20 March 2015 | Dean's Blue Hole
This is a bit out of sequence but I would be remiss not to post something about our dive training on Long Island. We wanted to improve our snorkeling experience so we decided to do a short private course with Vertical Blue
, a free-diving school run by William Trubridge, a multiple world record holder and past world champion. Heaven alone knows what he thought of teaching a couple of old geezers who, by his standards, could barely swim much less dive but he was helpful and graceful throughout. In fact he was probably the most 'tuned' person we have ever come across. Mentally and physically he was so on his game it was awesome. During the training he was totally focused on improving our skills and helping us understand the mental game of free diving. Watching him demo activities was a delight. He moved in the water like a dancer. He was so unassuming he could have been the hired help and not someone who has dived to 100m with no equipment, including fins and who can hold his breath for more than seven minutes.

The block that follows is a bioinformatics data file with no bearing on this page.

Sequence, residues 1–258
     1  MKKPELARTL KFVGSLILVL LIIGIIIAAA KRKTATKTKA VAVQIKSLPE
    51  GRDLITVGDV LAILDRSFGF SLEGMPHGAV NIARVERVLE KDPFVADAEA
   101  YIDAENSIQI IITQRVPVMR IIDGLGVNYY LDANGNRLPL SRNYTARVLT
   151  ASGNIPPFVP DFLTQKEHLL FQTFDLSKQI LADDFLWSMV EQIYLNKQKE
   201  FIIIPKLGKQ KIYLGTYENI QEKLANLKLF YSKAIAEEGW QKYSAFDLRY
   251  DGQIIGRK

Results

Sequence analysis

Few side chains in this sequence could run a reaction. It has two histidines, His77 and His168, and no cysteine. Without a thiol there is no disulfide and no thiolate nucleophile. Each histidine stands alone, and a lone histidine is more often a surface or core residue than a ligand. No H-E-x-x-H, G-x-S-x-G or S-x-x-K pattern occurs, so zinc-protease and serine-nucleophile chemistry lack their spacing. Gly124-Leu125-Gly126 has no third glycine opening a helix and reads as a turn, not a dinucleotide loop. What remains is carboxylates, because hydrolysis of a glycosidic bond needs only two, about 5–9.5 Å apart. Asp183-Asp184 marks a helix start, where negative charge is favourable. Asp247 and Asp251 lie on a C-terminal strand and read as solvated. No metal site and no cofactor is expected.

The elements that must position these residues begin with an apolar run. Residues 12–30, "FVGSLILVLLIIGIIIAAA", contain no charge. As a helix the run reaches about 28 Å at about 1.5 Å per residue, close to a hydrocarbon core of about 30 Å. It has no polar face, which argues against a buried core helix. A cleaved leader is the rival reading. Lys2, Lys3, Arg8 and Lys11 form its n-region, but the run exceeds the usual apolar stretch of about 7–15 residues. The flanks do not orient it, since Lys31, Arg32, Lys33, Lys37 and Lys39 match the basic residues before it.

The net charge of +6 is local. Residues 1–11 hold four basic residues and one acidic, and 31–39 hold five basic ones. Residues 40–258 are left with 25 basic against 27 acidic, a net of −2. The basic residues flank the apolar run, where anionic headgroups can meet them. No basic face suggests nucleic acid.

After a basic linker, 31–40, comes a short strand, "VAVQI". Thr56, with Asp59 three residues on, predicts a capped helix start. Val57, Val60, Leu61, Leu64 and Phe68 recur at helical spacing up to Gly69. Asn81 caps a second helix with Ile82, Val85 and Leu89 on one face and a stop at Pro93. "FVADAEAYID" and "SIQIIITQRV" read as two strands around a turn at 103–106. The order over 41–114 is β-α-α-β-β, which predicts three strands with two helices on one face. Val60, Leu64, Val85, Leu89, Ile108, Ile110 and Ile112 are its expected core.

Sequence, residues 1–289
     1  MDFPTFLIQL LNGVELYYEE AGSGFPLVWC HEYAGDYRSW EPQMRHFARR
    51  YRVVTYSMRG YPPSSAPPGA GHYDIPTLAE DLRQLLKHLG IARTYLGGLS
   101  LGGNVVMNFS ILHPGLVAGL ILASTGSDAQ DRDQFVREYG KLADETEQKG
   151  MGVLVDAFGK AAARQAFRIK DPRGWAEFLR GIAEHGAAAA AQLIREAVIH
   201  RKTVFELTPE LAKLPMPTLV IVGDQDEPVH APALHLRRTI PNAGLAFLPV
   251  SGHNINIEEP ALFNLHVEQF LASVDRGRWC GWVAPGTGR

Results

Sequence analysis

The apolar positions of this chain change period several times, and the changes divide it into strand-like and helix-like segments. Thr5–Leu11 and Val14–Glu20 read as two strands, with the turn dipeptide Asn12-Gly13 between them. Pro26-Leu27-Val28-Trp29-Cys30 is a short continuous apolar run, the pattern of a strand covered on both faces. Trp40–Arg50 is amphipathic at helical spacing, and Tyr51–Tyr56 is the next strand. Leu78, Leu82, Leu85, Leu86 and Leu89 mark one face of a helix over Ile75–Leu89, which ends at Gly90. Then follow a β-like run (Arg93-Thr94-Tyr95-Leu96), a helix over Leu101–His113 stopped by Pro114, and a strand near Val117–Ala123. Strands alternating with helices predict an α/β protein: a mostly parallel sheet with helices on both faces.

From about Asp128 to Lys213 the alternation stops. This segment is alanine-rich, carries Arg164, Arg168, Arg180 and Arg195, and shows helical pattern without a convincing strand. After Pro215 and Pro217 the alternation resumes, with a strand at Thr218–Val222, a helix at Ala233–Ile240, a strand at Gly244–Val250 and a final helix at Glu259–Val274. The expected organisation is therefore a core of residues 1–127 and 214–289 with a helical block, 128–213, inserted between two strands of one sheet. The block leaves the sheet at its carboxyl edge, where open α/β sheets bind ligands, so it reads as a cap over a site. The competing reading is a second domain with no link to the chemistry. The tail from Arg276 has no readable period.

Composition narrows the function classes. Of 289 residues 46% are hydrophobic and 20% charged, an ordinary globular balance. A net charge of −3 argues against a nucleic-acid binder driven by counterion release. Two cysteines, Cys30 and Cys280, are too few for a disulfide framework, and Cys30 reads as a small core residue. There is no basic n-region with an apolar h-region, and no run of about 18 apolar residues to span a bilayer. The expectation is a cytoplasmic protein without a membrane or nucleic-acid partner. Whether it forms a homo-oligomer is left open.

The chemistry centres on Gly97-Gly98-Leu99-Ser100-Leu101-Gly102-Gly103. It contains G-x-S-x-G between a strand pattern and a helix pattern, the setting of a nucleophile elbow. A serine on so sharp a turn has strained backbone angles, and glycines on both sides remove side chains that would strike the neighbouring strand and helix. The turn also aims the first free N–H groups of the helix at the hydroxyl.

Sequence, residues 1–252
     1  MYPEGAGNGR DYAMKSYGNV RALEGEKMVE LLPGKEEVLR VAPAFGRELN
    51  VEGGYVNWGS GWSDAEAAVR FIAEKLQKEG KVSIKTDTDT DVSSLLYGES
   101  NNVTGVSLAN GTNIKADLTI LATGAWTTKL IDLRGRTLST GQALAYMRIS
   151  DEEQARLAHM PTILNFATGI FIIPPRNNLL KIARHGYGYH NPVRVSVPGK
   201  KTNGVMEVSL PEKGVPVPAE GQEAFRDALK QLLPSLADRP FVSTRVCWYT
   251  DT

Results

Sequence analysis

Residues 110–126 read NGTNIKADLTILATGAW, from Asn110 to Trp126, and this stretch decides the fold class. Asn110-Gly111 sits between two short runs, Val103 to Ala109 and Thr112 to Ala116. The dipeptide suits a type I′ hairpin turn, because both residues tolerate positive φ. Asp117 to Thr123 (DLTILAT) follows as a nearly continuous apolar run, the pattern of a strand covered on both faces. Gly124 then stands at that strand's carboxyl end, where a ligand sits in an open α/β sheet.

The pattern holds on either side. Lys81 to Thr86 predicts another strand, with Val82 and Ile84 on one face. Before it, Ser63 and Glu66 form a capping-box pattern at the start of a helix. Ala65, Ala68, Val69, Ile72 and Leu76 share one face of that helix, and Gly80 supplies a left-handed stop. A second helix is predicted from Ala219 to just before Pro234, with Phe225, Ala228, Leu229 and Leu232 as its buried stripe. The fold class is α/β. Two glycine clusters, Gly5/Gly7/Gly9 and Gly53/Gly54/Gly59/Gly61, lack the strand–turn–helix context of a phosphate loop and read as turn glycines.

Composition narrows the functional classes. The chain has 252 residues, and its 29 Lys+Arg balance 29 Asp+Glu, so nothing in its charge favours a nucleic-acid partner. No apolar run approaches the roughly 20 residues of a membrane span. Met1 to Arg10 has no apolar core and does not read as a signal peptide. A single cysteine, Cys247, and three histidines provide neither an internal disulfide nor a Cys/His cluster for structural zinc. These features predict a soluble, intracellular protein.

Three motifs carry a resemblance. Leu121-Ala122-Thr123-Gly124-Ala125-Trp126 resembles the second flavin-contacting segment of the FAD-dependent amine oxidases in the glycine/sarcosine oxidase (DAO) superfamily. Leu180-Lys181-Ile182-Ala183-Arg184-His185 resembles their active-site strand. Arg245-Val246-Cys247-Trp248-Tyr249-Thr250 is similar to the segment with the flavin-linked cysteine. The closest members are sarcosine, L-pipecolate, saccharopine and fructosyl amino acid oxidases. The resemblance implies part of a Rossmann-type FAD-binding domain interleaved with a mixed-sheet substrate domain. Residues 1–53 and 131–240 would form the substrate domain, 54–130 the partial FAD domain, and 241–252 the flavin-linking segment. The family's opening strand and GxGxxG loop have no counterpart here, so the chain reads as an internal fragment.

Anyway, we learnt a great deal that will help us dive better and diving in the blue hole was a trip in itself. It is at the end of an otherwise ordinary beach and drops 600' to the bottom of a cavern that is more than 600' wide.
A truly memorable experience. Thank you William.
You can garden on a boat
20 March 2015
Janaki has managed to get her gardening fix on the boat by growing sprouts. They are turning out to be the perfect cruising veg. The raw materials store indefinitely, they taste great and are very healthy and there is a wide variety available. We are really enjoying them and have some on the go constantly.
20 March 2015